Gamification has always been a key component in any event, meeting, or conference. Some traditional forms of gamification are icebreakers, polls, and other fun activities that aim to set the tone and make people feel comfortable. Gamification helps attendees break out of their shells, while also serving as a reward system to keep attendees engaged and excited. Spicing your event up with different kinds of games and activities enlivens the crowd, makes them eager to win that prize, and keeps them constantly on their toes. With an event app, gamification can be amplified and even more enticing to attendees like it never has been before.
According to a 2018 research study conducted by MeetApp, 94% of event professionals responded to their survey with positive feedback on the adoption of their mobile app. For an event planner, an event’s success is contingent on attendee satisfaction, which is the main value that mobile apps deliver. With an event app, gamification becomes more immersive and fun for attendees through the infinite possibilities that event apps have to offer.
In January of 2019, MeetApp released an early version of gamification to a select group of users. Research showed that in-app gamification increased audience interaction, response and networking by an average of 85%, and increased overall positive feedback.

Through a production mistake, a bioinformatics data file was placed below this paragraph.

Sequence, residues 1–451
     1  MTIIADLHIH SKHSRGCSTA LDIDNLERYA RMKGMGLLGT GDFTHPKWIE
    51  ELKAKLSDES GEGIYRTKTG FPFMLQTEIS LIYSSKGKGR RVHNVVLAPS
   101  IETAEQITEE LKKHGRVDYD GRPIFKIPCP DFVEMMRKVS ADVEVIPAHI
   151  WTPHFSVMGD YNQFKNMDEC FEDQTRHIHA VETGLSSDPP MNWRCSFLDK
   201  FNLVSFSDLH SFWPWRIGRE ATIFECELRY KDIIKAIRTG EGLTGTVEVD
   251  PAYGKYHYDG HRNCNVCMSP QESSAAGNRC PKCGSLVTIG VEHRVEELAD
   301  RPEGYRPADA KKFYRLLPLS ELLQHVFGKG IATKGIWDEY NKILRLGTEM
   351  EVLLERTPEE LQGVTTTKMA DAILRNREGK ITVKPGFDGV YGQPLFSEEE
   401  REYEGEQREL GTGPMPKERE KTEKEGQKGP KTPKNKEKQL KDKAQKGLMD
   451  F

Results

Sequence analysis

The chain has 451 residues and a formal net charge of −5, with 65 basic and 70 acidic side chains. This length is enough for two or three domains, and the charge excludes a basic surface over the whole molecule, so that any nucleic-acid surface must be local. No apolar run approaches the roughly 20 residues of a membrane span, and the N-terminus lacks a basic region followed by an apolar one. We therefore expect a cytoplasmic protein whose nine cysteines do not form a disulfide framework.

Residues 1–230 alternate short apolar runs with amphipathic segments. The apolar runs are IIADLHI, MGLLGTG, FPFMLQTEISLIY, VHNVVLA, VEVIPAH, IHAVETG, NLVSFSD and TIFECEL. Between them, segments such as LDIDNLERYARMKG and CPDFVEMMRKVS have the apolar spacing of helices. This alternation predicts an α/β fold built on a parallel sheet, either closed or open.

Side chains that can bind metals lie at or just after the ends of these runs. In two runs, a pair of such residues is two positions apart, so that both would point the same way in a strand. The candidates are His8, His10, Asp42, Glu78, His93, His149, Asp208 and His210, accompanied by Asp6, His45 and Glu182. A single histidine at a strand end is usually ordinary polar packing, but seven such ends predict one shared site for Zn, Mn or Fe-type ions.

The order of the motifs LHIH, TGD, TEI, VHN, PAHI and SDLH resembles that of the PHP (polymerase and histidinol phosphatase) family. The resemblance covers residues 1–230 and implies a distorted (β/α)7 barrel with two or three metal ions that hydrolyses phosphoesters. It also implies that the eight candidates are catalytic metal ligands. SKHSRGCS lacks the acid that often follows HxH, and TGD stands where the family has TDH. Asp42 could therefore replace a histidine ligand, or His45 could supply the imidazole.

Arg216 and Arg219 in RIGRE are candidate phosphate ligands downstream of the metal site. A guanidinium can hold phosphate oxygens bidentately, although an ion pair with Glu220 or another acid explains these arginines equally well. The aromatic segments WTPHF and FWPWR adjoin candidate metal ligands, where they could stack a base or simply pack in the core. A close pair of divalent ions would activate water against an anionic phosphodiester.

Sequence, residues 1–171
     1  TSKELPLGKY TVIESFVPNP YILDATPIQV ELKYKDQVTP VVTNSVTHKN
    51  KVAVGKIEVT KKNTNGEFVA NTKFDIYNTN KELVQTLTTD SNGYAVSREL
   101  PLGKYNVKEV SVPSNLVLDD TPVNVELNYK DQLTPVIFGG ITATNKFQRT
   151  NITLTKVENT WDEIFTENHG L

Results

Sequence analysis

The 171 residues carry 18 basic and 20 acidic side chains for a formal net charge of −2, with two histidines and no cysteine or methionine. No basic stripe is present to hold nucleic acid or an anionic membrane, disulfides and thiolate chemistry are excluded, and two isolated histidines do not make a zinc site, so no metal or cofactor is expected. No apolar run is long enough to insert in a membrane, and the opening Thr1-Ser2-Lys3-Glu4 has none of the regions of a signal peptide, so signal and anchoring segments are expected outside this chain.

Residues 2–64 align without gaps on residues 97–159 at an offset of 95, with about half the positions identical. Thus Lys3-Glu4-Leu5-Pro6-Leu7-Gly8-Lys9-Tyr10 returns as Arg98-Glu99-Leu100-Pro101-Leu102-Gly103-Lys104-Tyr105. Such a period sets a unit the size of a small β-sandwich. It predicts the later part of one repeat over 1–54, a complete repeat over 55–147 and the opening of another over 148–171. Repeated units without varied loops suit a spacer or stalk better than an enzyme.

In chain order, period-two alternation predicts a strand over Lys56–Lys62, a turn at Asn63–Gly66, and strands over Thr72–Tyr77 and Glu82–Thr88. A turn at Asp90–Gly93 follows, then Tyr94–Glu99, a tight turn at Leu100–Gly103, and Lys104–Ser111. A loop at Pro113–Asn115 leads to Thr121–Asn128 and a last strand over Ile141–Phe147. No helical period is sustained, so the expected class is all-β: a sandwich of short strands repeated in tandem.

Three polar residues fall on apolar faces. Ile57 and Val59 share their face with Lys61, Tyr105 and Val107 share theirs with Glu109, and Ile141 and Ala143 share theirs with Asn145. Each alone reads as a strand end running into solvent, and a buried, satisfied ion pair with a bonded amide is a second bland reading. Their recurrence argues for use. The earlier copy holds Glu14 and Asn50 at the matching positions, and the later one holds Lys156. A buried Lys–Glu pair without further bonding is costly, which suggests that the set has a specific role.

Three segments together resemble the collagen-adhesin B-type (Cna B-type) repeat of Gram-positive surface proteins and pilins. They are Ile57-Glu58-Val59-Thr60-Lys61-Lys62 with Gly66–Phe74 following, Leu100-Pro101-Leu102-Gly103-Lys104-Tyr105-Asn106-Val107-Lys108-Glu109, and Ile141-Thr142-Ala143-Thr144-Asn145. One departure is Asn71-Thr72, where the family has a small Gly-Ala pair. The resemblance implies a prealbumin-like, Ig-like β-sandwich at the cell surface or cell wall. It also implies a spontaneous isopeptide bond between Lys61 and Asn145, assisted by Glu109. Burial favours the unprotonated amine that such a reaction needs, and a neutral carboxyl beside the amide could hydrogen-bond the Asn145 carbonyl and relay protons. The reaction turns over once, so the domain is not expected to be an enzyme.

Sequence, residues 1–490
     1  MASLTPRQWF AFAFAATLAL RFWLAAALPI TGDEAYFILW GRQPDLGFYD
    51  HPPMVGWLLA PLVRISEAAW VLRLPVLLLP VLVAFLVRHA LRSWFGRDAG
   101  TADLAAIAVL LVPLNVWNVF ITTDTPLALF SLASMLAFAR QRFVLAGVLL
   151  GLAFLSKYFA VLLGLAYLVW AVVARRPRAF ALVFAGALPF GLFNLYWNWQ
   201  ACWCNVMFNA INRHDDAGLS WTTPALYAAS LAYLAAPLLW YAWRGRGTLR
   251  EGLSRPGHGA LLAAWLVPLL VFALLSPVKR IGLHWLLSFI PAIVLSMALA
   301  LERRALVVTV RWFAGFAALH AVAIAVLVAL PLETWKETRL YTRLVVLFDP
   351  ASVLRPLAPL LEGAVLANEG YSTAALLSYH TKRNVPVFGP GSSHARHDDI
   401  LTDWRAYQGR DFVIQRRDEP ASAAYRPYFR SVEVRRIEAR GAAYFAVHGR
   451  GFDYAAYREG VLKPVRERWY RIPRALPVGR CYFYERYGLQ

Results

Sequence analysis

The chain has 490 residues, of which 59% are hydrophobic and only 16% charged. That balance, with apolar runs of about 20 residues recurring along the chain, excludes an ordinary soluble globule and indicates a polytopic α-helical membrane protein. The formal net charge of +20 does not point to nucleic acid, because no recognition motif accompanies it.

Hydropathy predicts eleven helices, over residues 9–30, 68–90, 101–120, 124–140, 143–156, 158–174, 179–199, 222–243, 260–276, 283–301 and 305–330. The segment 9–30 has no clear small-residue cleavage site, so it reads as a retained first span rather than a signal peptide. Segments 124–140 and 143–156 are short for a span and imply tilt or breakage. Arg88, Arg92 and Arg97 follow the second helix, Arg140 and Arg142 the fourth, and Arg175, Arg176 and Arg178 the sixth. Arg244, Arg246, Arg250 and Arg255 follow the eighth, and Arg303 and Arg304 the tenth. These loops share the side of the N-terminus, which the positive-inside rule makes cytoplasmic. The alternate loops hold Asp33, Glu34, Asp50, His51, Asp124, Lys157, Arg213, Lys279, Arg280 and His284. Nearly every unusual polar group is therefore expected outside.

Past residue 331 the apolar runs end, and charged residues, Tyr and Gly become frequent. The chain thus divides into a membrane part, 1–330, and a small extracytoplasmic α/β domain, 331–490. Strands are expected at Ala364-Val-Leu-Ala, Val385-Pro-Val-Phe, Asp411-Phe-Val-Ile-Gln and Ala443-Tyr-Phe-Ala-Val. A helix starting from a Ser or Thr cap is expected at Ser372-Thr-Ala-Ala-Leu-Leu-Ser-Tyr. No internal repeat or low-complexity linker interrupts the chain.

Examples of gamification via an event app include:
- Points for answering questions
- Points for submitting questions & solutions
- Points for feedback, evaluations & surveys
- Points for networking & interacting with the group
- Points for sharing information
- Points for attending sessions
- Points for participating in contests
How to increase audience engagement
All of these things are easily achievable through the use of push notifications to prompt people to partake in your activity. Posting pictures of the potential prize on the activity feed or creating another type of incentive for people to participate will increase engagement—with an event app, you can peak your audience’s interest with a simple click. With reinforcement of the game through push notifications and chatter on the activity feed, your audience will soon be completely engrossed with the game and your event.
Gamification is essentially a reflection of B.F. Skinner’s theory of operant conditioning; behavior is caused by the consequences. In other words, if you want your audience to behave a certain way (i.e. engage in the sessions and activities more), the consequences of their behavior (i.e. winning the game) will drive it. Positive reinforcement is the method at play in gamification because it rewards attendees for participating. The attendees’ increased engagement will, in turn, give them a more fulfilling experience at your event, the product of any successful event-engagement strategy.
References: Positive reinforcement psychology